It is good to note that the government is giving priority in ICT, digital technology and research as it seeks to modernize the country’s education system and get optimum output. We have come to know that the Innovation Team of the Department of Secondary and Higher Education is working to ensure maximum utilisation of ICT and digital technology in education management and education activities.
Reportedly, in the last FY2021-2022 as many as 16,420 teachers were given training on ICT. In FY2022-23 a total of 16,300 ICT teachers will be trained in IT. In this regard, more than 62,000 contents have already been uploaded to the Teachers’ Portal with the aim of expanding the quality teaching activities.
Bangladesh has achieved remarkable success in gender parity in school enrolment with more girls in school than boys and we now have one of the robust primary education systems in the world with an estimated 17 million primary school aged children, thanks to the ceaseless efforts of the government to ensure access to education for all. Indeed, such statistics bear the testimony of the country’s enviable success in the field of primary education. However, at the same time it is also true that we still lag far behind other developed countries in terms of ensuring quality education.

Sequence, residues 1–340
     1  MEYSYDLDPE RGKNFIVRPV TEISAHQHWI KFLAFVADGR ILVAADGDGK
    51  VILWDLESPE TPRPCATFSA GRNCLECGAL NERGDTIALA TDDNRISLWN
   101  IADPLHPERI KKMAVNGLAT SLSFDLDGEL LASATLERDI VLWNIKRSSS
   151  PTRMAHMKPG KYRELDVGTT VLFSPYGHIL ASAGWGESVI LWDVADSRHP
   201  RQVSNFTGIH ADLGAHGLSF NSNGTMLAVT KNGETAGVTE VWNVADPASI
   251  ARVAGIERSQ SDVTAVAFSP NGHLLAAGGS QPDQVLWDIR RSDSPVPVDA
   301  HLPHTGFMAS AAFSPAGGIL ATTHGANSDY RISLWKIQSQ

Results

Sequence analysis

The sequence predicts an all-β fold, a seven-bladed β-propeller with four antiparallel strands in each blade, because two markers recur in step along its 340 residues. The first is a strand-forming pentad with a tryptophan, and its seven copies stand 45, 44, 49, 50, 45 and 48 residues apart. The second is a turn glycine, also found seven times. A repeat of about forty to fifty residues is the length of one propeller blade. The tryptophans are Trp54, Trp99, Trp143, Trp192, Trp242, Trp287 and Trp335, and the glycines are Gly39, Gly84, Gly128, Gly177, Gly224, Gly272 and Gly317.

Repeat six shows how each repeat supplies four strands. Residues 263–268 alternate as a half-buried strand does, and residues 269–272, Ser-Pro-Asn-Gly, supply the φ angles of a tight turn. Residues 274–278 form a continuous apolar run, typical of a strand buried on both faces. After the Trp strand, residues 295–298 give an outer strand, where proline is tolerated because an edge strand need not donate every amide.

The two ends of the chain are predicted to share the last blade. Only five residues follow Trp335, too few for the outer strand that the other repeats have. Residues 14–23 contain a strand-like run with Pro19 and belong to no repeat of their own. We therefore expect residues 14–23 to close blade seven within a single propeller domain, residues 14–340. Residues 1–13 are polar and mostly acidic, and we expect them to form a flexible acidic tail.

quality education there is no
alternative to enabling a healthy and gender-
environment in the education sector
We hope, the government will give its best to ensure quality education for all. To ensure quality education and create a skilled workforce Bangladesh should look forward to attaining a higher budgetary allocation for its education sector.
Question leak, unskilled teachers and inconsistency between the education system and job sector, low budgetary allocation are the main factors overwhelming our education sector for long. Many young students in Bangladesh, as in other low and middle-income countries, find it hard to get good jobs because of the sheer inconsistency between the education system and job market. The country should address this crisis by investing more in education and ensuring effective utilisation of the investment.
Quality education is a right not a privilege. The right to education is not only the right to access to education but also the right to receive quality education. For ensuring quality education there is no alternative to enabling a healthy and gender-inclusive environment in the education sector.
Quality education requires relevant, strategic and well-researched curricula and materials for the acquisition of basic skills. Authorities concerned should work to address the barriers towards ensuring quality in primary education and devise required actions to fix them.